By jeanne starmack
New Castle, PA.
OK, at 9 feet tall and 400 pounds, he does need some special accommodations, and when he’s full-grown, he’ll be 18 feet tall and tip the scales at 3,000 pounds.
The human he bunks with planned their house just right though, and Levi, a 7-month-old giraffe, has room to grow.
His temporary water and food buckets are within his reach on the wall of his 24-foot-high room, where he can get out of bad weather yet wander back into his yard whenever he wants.
The permanent food and water dishes await him 9 feet higher up on the wall.
When he’s full grown, he’ll also be able to visit his roommate, Living Treasures Animal Park owner Adam Guiher, by nosing his long face with the big eyes and the leaf-shaped ears right over the railing of the deck off Guiher’s living room, 18 feet above the yard.
Levi has half of a new, 4,000-square-foot building at the park; the other half is Guiher’s living quarters, with an office, spare bedroom and kitchen downstairs and the living room and master bedroom upstairs.
Theirs is the only living arrangement of its kind that he knows of, Guiher said Thursday.
Why live with a giraffe? Well, they don’t make any noise, Guiher said, except for a few grunts now and then when they get excited. And, they’re just interesting animals, he said. From his master bedroom, a wall of windows overlooks Levi’s room, where a flattened pile of hay in a corner accommodates the giraffe at bedtime.
In warm weather, Levi does prefer to sleep out in the yard, which is his sole domain, Guiher said.
In last week’s sweltering heat, Levi was out in the yard a lot. He ambled slowly down the limestone gravel path that helps to keeps his hooves trimmed to meet visitors on the other side of his fenced enclosure.
He seems to appreciate company, and if his company happens to bring a bag of carrots for him, well, even better.
At the fence, Paul and Kim Rossi of Beaver Falls, Pa., watched as their daughters Brooklyn, 10, and Samantha, 8, fed nubs of carrot to Levi — “The reason we came here was this giraffe,” said Paul.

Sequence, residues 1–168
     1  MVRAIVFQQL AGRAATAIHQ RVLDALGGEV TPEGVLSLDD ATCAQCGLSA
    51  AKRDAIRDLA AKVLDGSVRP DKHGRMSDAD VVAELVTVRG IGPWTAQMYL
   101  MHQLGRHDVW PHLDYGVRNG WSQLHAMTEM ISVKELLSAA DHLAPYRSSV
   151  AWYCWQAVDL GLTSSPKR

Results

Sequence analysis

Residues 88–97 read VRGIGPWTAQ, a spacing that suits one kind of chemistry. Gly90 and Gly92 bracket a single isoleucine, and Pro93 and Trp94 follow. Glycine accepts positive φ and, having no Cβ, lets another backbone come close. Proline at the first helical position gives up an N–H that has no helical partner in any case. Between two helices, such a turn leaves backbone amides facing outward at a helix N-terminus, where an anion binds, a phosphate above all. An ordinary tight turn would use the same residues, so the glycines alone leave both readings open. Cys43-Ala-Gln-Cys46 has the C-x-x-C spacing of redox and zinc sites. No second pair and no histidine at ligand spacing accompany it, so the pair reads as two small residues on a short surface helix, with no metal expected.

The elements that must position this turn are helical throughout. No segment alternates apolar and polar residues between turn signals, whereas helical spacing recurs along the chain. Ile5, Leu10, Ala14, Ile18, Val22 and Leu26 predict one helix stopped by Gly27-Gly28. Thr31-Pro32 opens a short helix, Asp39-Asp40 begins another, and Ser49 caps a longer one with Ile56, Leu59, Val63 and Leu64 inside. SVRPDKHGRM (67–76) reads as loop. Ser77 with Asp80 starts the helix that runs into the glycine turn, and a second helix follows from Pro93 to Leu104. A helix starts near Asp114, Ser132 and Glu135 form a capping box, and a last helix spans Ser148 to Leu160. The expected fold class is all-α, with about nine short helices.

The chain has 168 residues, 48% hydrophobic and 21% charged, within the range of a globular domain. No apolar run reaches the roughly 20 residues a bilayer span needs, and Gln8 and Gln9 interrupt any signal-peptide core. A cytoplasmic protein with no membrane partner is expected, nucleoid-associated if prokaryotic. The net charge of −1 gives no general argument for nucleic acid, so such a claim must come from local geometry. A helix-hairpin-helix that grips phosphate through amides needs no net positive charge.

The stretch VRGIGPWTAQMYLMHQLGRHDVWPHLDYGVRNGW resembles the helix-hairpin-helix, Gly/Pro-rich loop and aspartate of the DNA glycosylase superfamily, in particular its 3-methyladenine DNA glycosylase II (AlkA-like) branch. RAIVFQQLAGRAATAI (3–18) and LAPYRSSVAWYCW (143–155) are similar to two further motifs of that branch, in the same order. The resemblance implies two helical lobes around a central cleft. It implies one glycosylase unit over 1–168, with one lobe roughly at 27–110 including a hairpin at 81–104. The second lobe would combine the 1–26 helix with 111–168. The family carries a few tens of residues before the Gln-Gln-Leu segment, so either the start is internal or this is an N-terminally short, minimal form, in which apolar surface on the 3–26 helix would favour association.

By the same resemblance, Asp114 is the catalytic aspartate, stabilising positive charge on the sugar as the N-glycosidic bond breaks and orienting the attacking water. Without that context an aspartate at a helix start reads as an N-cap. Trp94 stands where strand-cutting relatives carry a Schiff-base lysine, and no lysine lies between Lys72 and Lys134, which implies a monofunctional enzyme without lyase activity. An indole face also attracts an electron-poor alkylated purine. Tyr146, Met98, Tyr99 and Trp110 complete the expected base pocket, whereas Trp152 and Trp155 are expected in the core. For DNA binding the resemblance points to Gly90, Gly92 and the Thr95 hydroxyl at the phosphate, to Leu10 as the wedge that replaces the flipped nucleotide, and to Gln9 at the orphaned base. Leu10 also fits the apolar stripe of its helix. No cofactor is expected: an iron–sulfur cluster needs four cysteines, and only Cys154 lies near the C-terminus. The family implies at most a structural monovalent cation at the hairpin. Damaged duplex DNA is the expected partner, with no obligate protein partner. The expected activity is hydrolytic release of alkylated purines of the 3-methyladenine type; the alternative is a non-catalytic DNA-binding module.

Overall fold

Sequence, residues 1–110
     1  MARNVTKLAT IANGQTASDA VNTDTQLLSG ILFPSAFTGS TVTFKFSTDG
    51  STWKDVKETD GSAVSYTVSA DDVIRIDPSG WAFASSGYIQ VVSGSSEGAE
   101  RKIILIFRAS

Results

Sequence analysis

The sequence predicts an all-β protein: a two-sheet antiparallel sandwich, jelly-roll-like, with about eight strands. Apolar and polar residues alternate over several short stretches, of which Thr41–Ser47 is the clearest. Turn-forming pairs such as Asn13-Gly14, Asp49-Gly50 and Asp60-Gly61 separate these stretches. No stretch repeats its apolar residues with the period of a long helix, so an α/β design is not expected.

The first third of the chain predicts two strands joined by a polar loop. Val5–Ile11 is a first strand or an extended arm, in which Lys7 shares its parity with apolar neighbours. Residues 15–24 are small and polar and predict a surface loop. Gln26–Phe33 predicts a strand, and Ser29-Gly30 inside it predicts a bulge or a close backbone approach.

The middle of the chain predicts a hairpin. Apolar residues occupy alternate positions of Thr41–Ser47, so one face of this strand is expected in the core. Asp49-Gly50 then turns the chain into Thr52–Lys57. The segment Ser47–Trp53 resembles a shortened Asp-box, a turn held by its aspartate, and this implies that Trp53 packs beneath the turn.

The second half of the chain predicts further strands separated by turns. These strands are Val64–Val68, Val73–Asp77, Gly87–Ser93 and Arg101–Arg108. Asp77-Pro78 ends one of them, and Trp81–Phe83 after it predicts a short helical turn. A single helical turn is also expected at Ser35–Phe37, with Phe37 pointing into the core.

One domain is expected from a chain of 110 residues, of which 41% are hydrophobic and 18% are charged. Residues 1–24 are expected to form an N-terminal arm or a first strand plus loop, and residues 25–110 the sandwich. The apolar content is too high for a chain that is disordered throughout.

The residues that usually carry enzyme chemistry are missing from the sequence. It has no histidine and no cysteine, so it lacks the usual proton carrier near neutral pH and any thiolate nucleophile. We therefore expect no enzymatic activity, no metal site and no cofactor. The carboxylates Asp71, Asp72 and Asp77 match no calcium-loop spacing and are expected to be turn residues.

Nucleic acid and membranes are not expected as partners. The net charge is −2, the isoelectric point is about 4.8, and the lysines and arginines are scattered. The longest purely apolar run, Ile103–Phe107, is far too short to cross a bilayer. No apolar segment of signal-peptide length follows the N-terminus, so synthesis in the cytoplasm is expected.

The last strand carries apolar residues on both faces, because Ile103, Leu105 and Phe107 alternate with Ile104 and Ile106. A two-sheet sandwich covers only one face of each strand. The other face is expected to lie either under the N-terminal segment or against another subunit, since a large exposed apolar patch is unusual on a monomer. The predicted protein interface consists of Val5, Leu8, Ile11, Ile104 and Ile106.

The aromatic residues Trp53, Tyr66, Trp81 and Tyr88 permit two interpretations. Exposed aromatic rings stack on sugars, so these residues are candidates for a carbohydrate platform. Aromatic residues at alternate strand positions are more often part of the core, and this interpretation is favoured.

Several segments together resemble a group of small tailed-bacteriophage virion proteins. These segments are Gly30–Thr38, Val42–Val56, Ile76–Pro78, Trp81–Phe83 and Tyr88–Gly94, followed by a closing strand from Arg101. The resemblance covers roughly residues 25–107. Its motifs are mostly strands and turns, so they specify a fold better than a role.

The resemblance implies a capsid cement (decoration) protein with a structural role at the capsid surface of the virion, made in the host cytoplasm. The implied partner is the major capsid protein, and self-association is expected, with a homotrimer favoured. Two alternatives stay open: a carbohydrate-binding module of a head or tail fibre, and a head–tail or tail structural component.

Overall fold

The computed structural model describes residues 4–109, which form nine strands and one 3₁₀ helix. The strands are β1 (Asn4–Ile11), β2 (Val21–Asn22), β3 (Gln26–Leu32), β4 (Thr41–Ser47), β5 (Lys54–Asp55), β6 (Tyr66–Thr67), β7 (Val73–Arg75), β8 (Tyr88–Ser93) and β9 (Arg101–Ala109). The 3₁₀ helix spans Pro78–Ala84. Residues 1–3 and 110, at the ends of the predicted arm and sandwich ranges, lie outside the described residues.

“I think he’s awesome,” said Samantha.
Brooklyn poured out her feelings. “I love you! I never want to leave,” she told Levi.
He is a wild animal, Guiher had stressed earlier.
But Levi, as he bent his neck to slurp carrots from the girls’ outstretched hands, didn’t appear to realize that.
Having come to Living Treasures from a small zoo in the Adirondacks when he was 3 weeks old after his mother would not let him nurse, Levi’s been raised with a strong human imprint, Guiher said. He eats hay and grazes now but still gets a bottle twice a day.
“It’s better to have the human imprint for vet work,” Guiher pointed out. “If you have an animal that’s 18 feet tall and you have to give him shots, you want him to like you.”
Not many private zoos have giraffes, and getting one for Living Treasures had always been on his wish list, said Guiher.
He’s now working on finding a female for Levi, who in the wild would be living with a herd on grasslands in Africa.
There are 350 animals over a spectrum of 78 species at the park, and many of them are like “immediate family” to Guiher, he said. “But [Levi] especially, because when I wake up, he’s the first one I see,” he said.
Standing at his fence alone Thursday after some admirers left, Levi watched a couple on a sidewalk not far from his enclosure. They didn’t come over. Can a giraffe be disappointed?
Levi kept watching as they walked away. Clearly, he wants company. Just don’t forget the carrots.